Today is Valentine’s Day, that special time of year when a person’s fancy turns to thoughts of soulless corporate megaliths co-opting our emotions so they can sell greeting cards, fancy dinners, and Russel Stover assortments. As we look to the sky and scream curses at a blind and uncaring universe that has so blighted us, we remind ourselves that love cannot be bought, at least not when some company explicitly recommends it.
Okay, let me start again.
Today I actually do want to talk about love. The love that we, as writers, can sometimes lose sight of when things get tough.
Writing advice blogs are generally full of hard-nosed advice about What It Takes to Be a Real Writer. There’s often not attention paid to the froofy bits, because in general, writers are assumed to have that pretty well locked down. All writers truly-madly-deeply want to write, so cultivating craft is far more important than cultivating passion, right?
I’m not so sure.
I know a lot of writers who struggle with their passions. The calling becomes a chore. The joy gets buried under a mountain of obligation. Yes, writing is hard work. Editing is hard work. Querying is a beat that can sap the will to live. Rejection sucks. There’s plenty not to like, ultimately. But they are necessary things.
And that’s why the writing blogs share their expertise about these necessities, because they can’t be ignored, much as we would love to ignore them.
But I think it’s equally as important not to lose sight of the reason you’re putting yourself through all this in the first place. Don’t forget the love.
Feeling nauseated yet?
I want to link to a video that’s been stuck in my head for the past few days. In this brief talk, Shawn Achor talks about how we can rewire our brains for happiness. It’s not that long, and it’s funny and informative stuff.
I included this video because I believe in the “happiness advantage” — that happiness is more productive than guilt or self-recrimination.
Anyone who knows me will tell you that I’m generally a gold-star procrastinator. I’ve put things off to such an epic level that they’re deeply embarrassing to talk about. Writing is no exception. There are days where I would do just about anything to dodge the scary work — whether it’s busting out a draft, editing a troublesome passage, or outlining.
I want to do these things — to hear me talk about it, anyway. But they intimidate. They annoy. They inflate to unpleasant proportions. I still write, but there’s all this bullshit I go through first, and it’s exhausting.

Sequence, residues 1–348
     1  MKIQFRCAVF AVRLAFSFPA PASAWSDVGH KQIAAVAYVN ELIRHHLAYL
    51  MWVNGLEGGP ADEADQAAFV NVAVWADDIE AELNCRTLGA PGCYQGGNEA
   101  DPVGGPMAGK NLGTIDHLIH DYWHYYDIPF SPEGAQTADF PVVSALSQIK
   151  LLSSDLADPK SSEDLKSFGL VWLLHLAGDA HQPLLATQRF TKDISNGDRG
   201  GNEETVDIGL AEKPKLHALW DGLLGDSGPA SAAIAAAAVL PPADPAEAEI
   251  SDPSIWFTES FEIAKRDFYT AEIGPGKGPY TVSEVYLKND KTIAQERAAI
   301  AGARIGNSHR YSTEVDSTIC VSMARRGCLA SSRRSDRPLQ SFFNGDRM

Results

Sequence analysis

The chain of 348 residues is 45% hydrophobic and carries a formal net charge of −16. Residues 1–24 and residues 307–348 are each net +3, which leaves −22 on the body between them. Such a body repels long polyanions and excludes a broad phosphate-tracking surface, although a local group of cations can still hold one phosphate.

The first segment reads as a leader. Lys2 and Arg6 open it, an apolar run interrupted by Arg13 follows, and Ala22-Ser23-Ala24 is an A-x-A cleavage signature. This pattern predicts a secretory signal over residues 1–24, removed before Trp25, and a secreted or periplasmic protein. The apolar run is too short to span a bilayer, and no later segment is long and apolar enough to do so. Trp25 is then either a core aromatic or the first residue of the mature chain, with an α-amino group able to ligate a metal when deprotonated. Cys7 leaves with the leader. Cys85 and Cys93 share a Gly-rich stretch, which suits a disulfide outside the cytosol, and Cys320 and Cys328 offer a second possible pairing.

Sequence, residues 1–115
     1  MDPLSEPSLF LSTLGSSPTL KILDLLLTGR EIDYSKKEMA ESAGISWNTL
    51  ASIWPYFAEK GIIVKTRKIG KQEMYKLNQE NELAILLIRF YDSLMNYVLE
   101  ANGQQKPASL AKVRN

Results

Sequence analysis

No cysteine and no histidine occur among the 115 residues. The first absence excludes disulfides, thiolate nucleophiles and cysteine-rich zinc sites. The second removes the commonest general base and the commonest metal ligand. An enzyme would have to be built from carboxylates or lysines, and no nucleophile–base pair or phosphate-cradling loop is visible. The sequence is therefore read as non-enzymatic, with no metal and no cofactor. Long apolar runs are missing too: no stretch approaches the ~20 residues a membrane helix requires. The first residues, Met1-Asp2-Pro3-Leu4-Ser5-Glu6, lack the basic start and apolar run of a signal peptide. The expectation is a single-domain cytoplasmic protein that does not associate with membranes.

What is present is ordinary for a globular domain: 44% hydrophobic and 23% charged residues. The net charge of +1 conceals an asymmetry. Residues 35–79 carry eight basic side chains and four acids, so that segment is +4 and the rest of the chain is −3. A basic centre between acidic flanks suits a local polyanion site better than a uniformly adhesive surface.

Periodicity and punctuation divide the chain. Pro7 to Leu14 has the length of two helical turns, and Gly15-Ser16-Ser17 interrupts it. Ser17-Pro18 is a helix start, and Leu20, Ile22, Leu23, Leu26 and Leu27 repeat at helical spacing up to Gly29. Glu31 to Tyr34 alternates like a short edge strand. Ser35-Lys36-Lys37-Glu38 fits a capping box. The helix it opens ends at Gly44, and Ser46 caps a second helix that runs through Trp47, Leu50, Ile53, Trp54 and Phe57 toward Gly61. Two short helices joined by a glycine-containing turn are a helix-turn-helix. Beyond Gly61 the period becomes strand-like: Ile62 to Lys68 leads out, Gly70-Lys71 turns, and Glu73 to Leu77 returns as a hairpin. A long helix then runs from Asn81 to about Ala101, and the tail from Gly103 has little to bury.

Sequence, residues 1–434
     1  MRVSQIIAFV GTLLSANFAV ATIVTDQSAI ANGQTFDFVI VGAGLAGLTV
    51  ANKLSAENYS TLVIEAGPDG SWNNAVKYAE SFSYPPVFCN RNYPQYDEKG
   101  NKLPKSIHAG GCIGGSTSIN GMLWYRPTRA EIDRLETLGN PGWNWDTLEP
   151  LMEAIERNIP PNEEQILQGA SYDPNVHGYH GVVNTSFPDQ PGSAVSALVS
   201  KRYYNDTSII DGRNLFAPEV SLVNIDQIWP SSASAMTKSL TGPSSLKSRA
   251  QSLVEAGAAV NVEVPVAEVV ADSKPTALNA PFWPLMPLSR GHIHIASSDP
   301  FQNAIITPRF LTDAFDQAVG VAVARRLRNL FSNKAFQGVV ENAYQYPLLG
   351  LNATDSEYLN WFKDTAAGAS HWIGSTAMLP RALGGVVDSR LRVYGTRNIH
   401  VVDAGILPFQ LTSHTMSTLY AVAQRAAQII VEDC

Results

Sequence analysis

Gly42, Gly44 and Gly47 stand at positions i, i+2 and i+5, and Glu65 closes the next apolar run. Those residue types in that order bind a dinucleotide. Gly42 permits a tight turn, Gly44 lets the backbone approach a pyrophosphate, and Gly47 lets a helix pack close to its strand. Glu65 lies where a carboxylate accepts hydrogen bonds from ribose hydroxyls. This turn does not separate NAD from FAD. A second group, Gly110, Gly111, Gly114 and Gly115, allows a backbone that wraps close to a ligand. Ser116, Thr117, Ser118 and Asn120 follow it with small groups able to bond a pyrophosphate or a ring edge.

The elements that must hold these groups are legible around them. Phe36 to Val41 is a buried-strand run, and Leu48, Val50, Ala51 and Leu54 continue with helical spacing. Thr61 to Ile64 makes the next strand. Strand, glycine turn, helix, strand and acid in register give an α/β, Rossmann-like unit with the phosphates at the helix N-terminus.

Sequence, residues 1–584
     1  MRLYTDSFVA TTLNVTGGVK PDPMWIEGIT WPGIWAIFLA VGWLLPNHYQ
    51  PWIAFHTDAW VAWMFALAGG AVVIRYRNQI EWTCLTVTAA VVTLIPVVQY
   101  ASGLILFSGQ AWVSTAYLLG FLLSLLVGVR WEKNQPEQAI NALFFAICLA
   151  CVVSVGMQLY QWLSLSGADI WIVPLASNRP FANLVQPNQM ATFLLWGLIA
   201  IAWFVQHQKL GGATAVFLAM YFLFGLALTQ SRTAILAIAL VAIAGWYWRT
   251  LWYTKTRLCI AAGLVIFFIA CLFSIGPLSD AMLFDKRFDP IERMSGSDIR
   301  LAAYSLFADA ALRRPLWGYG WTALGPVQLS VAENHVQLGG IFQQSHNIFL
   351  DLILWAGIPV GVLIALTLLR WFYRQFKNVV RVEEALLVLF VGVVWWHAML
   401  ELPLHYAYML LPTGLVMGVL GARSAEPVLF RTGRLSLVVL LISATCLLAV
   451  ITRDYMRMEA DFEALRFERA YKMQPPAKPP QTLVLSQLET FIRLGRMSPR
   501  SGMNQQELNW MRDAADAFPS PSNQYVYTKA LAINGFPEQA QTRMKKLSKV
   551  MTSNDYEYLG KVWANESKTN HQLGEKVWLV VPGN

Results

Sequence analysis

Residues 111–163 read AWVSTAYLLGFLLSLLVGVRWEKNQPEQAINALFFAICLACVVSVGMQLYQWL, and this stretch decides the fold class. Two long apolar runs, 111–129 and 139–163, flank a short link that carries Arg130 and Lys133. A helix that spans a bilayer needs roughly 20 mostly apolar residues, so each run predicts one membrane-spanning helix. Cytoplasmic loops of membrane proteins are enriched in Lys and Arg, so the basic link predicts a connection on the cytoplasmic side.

Some people don’t struggle with this. Some people are all type-A writers who go forward without any internal struggle. I envy those people. Most of my life, I haven’t been that guy. But I’m working on re-wiring my brain.
My method isn’t complicated or large in scale, because I think complicated large-scale methods are a great way to fail. Every morning, I have some coffee. I have some breakfast. I fire up Write or Die. A half-hour to bang out a blog post. Break. Edit the blog post. Break. Another half hour to write a scene from my Big List of Scenes in whatever I’m working on at the moment. Break. Then, work on whatever I want.
So at the very least, I’ve gotten in a solid hour of writing. Often much more, but I don’t go through the day promising myself I’ll write, and then shrug and let it go, thus buying myself a ticket for the Guilt Train.
The biggest benefit of this is that it builds momentum. Every day, the writing gets easier. The words come faster. A couple of days without writing, and I feel like I’m working the rust off the gears again. But I built the habit, day after day, and soon enough it just became a part of me. I don’t dread writing, or agonize over not writing, when I stick to this plan.
This method works for me. I encourage you to find what works for you. Try new things until you discover the best way to break through your laziness, break down your block, mow over your avoidance. And no, Twitter does not count. I’m sorry.
Whatever you do, though, don’t forget the love.